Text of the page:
Singing in a girl band has been a popular route for all-female ensembles since the 1920s surge of vaudeville performances and barbershop styles. Girl groups and close harmony singing groups have evolved with the times, moving through popular music genres through the decades into the present day. Modern girl bands now include a diverse range of music styles that are characterised by several female singers harmonising together.
If you are interested in honing the skills you need to sing in a girl band, you’ll firstly need to perfect singing in tune. (Link to other blog?) Being able to control your pitch matching and your ability to move between notes while keeping in tune is absolutely crucial. This is the foundation for developing strong harmonising skills.
Some singers can naturally ‘hear’ and pitch harmonies in their heads, while it takes practice for others to learn this ability. Depending on music and theory knowledge, there are different methods for learning to harmonise.
For those who play an instrument, it can become clear relatively quickly how to find simple vocal harmonies by studying the relationships of major and minor chord triads. Getting used to how 1, 3, 5 and 1, b3, 5 sound, and practicing how to pitch a harmony a 3rd above the root for example, can be an excellent place to start.
But what if you don’t play an instrument, read music very well or know what a triad or a 3rd is? There are plenty of ear training and aural centred learning tools available online that can help. The good news is these harmony training tutorials don’t require music theory knowledge as they are practical based. Saher Galt has a great video tutorial that works through learning about 3rd intervals and how to practice singing these here: How to HARMONIZE vocally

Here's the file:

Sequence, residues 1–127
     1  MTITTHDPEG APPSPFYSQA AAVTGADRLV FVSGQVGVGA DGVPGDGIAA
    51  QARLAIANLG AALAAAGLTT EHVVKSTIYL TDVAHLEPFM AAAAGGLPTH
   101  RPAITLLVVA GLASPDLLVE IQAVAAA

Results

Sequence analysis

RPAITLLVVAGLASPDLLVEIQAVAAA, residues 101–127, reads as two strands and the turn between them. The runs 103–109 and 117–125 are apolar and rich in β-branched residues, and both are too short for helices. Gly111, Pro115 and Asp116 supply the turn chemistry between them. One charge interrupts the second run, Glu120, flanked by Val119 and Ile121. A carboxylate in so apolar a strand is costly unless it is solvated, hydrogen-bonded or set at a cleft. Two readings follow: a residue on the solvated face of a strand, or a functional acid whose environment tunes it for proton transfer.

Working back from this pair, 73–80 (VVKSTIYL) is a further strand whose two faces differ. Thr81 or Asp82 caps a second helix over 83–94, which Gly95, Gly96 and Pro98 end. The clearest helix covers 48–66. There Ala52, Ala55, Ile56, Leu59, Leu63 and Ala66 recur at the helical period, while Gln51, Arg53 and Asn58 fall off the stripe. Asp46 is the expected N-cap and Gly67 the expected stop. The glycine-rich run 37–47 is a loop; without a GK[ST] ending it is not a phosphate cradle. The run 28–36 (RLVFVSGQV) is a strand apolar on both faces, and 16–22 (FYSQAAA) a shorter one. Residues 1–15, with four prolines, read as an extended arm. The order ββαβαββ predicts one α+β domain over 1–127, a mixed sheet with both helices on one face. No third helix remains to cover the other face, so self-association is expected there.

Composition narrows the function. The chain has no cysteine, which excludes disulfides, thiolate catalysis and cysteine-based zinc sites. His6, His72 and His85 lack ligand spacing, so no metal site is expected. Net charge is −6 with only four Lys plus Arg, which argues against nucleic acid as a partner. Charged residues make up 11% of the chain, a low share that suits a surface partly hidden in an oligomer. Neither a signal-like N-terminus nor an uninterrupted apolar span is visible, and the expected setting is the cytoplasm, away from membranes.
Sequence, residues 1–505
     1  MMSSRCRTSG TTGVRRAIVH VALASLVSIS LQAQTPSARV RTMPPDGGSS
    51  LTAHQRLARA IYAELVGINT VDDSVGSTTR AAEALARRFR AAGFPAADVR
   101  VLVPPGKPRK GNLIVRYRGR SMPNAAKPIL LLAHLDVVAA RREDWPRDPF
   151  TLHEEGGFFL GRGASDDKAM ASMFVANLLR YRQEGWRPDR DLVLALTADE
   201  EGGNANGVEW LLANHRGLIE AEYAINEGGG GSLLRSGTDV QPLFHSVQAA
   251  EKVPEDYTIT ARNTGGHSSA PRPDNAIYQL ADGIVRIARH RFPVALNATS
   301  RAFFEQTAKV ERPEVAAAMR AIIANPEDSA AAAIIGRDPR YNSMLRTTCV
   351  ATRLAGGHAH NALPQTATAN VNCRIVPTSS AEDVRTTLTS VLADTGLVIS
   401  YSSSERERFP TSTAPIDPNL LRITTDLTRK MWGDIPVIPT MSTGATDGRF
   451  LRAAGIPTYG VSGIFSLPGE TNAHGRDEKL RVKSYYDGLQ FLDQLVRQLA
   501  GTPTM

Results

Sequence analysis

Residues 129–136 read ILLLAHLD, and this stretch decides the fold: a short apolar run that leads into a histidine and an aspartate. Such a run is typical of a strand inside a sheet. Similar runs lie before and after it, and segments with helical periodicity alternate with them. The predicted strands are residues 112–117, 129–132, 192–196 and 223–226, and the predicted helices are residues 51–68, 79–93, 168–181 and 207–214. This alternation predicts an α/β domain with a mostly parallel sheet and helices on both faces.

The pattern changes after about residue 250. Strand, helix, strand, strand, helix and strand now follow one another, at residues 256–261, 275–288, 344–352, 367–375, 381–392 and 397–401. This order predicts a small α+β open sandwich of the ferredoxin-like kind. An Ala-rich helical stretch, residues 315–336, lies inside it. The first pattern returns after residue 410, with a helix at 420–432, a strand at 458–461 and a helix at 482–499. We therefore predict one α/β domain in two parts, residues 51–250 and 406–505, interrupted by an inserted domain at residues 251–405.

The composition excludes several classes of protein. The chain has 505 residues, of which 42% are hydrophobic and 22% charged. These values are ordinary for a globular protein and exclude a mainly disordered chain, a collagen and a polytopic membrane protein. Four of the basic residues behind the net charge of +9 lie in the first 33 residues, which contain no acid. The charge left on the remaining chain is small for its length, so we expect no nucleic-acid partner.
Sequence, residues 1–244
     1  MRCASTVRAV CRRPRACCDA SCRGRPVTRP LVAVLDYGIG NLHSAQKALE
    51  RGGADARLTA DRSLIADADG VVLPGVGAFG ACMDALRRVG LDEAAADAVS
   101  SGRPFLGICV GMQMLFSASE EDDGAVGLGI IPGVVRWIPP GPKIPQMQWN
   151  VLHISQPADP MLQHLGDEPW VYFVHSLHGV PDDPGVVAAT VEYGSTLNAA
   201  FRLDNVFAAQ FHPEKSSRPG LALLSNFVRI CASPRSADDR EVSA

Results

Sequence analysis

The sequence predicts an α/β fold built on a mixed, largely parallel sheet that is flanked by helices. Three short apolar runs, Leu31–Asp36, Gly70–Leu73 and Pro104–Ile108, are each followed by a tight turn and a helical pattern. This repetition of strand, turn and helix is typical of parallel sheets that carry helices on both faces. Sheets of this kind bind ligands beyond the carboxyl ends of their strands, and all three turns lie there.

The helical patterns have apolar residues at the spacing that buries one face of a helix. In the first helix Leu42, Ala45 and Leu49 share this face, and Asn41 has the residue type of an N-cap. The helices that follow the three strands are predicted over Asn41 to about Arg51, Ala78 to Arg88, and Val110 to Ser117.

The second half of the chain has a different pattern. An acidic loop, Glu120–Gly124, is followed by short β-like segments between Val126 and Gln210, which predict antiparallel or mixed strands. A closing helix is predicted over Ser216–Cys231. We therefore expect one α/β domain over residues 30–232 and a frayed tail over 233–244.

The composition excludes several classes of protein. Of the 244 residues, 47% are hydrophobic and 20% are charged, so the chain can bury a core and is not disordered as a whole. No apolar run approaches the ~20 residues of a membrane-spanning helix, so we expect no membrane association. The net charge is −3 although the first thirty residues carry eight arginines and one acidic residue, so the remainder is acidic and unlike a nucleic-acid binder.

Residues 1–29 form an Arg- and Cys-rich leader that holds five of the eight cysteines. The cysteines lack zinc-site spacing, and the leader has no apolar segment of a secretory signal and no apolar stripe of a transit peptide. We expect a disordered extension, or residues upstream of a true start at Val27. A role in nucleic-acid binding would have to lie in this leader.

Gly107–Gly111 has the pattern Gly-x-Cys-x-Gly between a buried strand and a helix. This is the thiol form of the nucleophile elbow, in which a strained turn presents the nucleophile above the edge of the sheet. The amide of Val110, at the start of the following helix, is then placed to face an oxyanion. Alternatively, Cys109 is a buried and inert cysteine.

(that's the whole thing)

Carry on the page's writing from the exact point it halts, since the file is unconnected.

When you’ve mastered pitching single notes, you’ll then want to practice moving from one note to the next so you can harmonise sections, and whole lines of music. A great method for practicing longer sections is to choose a piece of music that has a clear harmony in it and learn both the melody and harmony parts. This helps you understand their relationship in a really practical way, and teaches you how to sing one line while you are hearing another one – a girl group skill that can take some practice.
If you are singing in a girl band PlayScore 2 can be a useful practice tool for learning and developing your harmonising skills. The app has built in playback features that allow you to edit the volume of different parts, meaning you can sing along with whichever lines you want to hear from your sheet music. You can solo or mute voices in this way, and use PlayScore 2 as an accompaniment device for learning pieces, improving your sight reading, and developing your group singing skills.